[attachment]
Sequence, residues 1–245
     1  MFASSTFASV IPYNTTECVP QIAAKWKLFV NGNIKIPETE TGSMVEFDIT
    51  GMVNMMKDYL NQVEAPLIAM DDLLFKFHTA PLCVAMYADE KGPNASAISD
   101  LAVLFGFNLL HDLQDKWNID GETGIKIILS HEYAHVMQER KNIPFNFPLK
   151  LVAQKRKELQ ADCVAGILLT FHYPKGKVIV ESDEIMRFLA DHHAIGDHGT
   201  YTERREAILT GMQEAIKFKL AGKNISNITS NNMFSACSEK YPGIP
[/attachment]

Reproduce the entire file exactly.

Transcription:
Sequence, residues 1–245
     1  MFASSTFASV IPYNTTECVP QIAAKWKLFV NGNIKIPETE TGSMVEFDIT
    51  GMVNMMKDYL NQVEAPLIAM DDLLFKFHTA PLCVAMYADE KGPNASAISD
   101  LAVLFGFNLL HDLQDKWNID GETGIKIILS HEYAHVMQER KNIPFNFPLK
   151  LVAQKRKELQ ADCVAGILLT FHYPKGKVIV ESDEIMRFLA DHHAIGDHGT
   201  YTERREAILT GMQEAIKFKL AGKNISNITS NNMFSACSEK YPGIP